When Corey Pavin stepped on to the first tee here yesterday and noticed he was not only playing Colin Montgomerie but also the Radio Two disc jockey Chris Evans he could well have shared a joke with himself. "Uh oh," he might have said. "Here's another Nick Faldo. Getting his famous mates involved with his Ryder Cup captaincy."
Later, however, while sat in the bowels of the huge Celtic Manor hotel which will form the backdrop to next year's match, Montgomerie was keen to make it known he will definitely not be following the "luvvies" lead of his predecessor. Famously, DJ Spoony and Nicko McBrain (the Iron Maiden drummer) were invited into Faldo's team-room at Kentucky and were also given buggies and "all access" armbands to mix with the players during their matches.
"That won't be happening this time," said Montgomerie. "There are three team rooms and it's up to me who comes in and who doesn't. There will not be any drummers or drums. No DJs either, including Chris, who is a great guy. But I don't think the players on this occasion will need that type of geeing up."
Montgomerie then went on to explain his reasoning and without naming Faldo, alluded to what he clearly saw as "a blurring of the lines"; if not a total mockery of the Ryder Cup's standing as a serious sporting competition. Faldo decided to employ only one "official" vice-captain in Jose Maria Olazabal and there were players on the team who were known to be uncomfortable with the "unofficial" role played by Spoony and McBrain.
"In my mind the Ryder Cup captaincy is a very responsible position," said Montgomerie. "When you hear about the economic benefits that a home win brings to the Tour you realise that. I will therefore be using people that the players respect – in a professional capacity. It will be golfers, professional, ex-Ryder Cup golfers in the team-room who have been there, who understand. I thought Paul [McGinley] and Thomas [Bjorn] did a brilliant job at the Vivendi Trophy. That is the type I am looking for."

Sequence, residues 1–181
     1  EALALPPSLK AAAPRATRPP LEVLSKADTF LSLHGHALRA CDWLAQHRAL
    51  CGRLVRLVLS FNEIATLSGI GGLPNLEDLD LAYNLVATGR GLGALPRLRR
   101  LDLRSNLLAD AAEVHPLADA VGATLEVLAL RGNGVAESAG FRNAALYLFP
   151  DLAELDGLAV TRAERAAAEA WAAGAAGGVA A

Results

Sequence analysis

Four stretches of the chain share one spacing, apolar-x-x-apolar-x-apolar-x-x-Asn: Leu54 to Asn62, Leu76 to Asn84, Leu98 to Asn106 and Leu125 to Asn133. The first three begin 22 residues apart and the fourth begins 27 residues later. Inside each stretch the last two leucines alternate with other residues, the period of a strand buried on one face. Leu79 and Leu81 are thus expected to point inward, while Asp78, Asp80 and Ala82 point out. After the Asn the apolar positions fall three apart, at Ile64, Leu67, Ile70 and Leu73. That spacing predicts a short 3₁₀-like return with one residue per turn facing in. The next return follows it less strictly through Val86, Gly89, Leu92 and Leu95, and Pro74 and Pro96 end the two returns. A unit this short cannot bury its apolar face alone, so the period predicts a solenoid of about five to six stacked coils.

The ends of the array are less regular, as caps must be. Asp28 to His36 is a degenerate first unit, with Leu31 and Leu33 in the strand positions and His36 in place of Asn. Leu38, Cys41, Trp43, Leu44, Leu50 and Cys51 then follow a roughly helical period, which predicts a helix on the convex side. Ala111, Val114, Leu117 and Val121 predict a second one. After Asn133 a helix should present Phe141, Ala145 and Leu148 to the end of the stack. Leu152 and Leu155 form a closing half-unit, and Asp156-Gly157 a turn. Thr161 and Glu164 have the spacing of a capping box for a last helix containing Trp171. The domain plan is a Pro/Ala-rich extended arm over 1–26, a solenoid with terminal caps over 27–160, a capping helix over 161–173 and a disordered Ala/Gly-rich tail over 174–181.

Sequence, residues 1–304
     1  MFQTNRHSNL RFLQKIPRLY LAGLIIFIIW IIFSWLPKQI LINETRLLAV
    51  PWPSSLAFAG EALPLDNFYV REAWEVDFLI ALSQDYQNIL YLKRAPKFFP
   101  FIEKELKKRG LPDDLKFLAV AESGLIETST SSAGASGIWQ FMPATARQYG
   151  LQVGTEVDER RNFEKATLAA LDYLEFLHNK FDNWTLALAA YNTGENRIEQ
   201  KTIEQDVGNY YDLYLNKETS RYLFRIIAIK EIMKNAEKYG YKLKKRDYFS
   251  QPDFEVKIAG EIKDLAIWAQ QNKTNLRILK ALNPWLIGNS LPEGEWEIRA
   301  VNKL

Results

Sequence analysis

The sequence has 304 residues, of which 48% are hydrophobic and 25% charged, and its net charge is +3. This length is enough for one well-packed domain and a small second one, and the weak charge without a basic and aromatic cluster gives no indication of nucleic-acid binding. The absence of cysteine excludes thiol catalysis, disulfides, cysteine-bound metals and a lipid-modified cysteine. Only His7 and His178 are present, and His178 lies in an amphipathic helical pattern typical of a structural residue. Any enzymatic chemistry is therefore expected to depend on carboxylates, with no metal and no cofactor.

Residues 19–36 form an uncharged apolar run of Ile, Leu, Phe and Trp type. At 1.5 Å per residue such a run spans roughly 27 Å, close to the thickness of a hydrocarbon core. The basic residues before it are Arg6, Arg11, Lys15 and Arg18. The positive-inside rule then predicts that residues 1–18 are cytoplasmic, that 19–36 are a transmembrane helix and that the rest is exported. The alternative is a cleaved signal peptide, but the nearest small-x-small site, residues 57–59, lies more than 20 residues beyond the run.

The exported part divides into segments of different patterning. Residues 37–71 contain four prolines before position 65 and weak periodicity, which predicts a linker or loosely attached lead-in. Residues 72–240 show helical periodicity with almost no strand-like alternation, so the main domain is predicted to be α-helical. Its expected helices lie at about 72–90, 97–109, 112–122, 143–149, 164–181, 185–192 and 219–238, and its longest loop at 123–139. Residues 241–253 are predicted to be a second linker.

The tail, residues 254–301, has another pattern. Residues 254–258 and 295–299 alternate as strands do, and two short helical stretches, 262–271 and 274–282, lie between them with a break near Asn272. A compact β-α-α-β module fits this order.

Montgomerie's last comment was merely his latest nudge that McGinley and Bjorn will be named as vice-captains as soon as their own ambitions to play in the match finally fade to nought. Olazabal is singing the same unrealistic tune, but should be announced as the Scot's right-hand man in due course.
That will leave just one, perhaps two, positions to be filled and Montgomerie yesterday reiterated his determination to have a Welshman in his corner. And with Ian Woosnam having ruled himself out, Montgomerie agreed that Phillip Price could be the man. Price enjoyed a folklore victory over Phil Mickelson in Europe's 2002 win at the Belfry and, as a local, knows the Twenty Ten course better than any other professional.
All this conjecture and second-guessing must have been intriguing to Pavin. The American media do not focus nearly as much on the biennial event and would certainly not have turned out in such numbers a full 12 months before the match.
Perhaps, Pavin is glad of his nation's comparative low-key approach. He was furious with BBC Wales for airing a programme a few weeks ago in which they used pictures to show a supposed rift between the opposing captains and also accused Pavin of being "elusive" in granting an interview. Nothing could be further from the truth. However, Pavin had not just travelled over to let his displeasure be known to the corporation or simply for the "Year To Go" celebrations, which are now a staple part of the Ryder Cup build-up as the organisers try to bring sponsors on board and extract every pound/dollar they can out of a lavish gala dinner.
The 49-year-old was also in South Wales to check out the logistics with the PGA of America; where the team rooms will be, accommodation, meal times etc. But he admitted he was interested to see the course, even though he played in the Wales Open in June. So much for Faldo's "bring your waterproofs" closing speech in Valhalla. The weather was glorious here yesterday. "We must pray it is like this in a year's time," said Pavin.
Meanwhile, this exhibition was as far removed from the Ryder Cup as one could imagine. In the nine-hole "match" against Montgomerie and Evans, Pavin was partnered by the opera singer Bryn Terfel. Blessedly, we now know there will be no big noises from the entertainment world inside the ropes come October 2010.